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Hammaming in the Sham

Listen to the author reading an excerpt of Hammaming in the Sham

A Journey through the Turkish Baths of Damascus, Aleppo and Beyond

by Richard Boggs

Imprint: Garnet Authors: Richard Boggs Photographers: Richard Boggs Categories: Travel, Culture, Photography ISBN: 9781859642283 Binding: Hardback Publication Date: September 2010

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Legend has it that Damascus once had 365 hammams or ‘Turkish baths’: one for each day of the year. Originally part of an ancient Roman tradition, hammams were absorbed by Islam to such an extent that many became almost annexes to nearby mosques. For centuries, hammams were an integral part of community life, with some 50 hammams surviving in Damascus until the 1950s. Since then, however, with the onslaught of modernization programmes and home bathrooms, many have been demolished; fewer than 20 Damascene working hammams survive today.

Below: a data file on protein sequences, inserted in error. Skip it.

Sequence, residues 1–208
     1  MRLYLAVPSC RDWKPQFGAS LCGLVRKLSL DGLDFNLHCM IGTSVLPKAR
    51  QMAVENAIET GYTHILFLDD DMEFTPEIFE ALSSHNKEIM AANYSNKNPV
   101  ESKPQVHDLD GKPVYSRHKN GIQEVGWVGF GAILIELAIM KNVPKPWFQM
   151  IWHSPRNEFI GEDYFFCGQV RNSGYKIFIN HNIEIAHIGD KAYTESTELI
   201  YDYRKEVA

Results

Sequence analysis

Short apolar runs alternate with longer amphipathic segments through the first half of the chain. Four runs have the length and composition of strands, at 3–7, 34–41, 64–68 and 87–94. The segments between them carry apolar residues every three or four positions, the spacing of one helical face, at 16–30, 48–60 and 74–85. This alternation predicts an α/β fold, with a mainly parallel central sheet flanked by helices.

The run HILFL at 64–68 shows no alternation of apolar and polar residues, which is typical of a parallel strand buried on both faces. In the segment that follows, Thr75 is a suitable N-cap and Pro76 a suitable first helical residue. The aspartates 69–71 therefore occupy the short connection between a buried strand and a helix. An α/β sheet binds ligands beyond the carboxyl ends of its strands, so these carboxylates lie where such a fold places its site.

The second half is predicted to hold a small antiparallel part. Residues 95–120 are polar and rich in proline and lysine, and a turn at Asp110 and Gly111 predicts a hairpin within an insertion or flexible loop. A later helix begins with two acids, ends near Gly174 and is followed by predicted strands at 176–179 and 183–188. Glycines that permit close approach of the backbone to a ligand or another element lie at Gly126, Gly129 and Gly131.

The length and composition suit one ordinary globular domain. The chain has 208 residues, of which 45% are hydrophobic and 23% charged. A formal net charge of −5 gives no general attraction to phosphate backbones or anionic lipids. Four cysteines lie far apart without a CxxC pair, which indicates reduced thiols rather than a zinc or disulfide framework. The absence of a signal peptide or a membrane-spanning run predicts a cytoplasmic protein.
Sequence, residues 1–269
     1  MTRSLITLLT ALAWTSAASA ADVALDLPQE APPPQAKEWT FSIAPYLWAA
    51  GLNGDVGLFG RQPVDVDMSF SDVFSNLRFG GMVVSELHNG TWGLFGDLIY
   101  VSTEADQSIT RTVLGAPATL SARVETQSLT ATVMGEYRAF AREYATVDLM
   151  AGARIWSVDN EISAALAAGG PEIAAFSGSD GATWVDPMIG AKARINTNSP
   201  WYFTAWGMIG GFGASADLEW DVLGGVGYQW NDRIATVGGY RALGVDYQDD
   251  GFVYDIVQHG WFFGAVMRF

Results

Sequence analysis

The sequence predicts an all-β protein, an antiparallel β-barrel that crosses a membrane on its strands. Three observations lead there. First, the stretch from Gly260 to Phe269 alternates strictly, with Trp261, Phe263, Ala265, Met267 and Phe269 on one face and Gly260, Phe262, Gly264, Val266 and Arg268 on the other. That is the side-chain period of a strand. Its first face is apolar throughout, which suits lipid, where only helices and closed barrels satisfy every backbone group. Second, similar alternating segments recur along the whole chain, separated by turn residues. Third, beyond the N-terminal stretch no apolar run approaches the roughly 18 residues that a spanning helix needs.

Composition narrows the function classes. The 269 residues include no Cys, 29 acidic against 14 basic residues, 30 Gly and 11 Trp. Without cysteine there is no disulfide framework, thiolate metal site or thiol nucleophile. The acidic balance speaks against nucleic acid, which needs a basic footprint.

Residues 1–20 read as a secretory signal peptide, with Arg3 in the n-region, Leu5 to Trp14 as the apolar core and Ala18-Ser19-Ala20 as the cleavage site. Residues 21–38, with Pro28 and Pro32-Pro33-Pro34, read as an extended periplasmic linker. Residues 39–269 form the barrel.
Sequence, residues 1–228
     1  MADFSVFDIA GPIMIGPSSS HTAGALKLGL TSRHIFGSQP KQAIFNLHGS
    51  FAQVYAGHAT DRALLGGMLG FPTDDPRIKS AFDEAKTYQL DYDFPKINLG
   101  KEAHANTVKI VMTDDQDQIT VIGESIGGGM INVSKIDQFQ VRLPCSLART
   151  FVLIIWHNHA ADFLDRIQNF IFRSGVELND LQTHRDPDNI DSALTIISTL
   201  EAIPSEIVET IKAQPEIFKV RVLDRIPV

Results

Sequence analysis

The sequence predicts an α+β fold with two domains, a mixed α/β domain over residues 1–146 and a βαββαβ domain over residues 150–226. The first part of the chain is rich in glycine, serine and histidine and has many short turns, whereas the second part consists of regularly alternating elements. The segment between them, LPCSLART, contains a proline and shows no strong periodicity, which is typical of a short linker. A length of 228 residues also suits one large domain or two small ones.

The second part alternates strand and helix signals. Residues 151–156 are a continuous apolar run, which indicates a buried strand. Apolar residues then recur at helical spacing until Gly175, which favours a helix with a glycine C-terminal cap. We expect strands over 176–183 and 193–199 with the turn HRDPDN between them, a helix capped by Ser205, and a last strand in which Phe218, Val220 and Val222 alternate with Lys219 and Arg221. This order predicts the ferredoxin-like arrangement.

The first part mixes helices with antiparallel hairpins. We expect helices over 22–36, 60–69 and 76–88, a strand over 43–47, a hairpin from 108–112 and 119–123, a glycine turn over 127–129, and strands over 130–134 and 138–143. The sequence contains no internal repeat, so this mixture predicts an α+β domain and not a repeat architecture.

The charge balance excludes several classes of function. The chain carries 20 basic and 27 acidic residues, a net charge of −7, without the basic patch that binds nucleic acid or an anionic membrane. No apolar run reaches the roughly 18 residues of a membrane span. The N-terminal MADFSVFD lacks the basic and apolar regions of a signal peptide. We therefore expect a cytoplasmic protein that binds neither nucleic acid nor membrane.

In Hammaming in the Sham, Richard Boggs travels the length and breadth of modern Syria, documenting the traditions of bathing in Damascus, Aleppo and elsewhere, and his encounters with Syrians as they bathe. In his portrayal of life in the hammams he reveals how these ancient institutions cater for both body and soul, and through his conversations with the bathers within, he provides insights into the grass roots of contemporary Syrian society.

Approximately 100 colour photographs accompany the text, portraying the traditional neighbourhoods of Damascus and Aleppo, and the almost religious feel of the hammams. The author’s intimate portraits of the baths’ employees and bathers show a unique side of Syria rarely exposed to the outside world.

About the author(s):

Richard Boggs

Richard Boggs has worked for over a decade in the Arabic-speaking world, teaching in Yemen, Lebanon and Khartoum. For two years he lived on one of the most remote places on earth: the Yemeni island of Socotra. His island experiences are published in his first travel book, The Lost World of Socotra (Stacey International, 2009). When not travelling he likes to cultivate his herbaceous border in Ireland.

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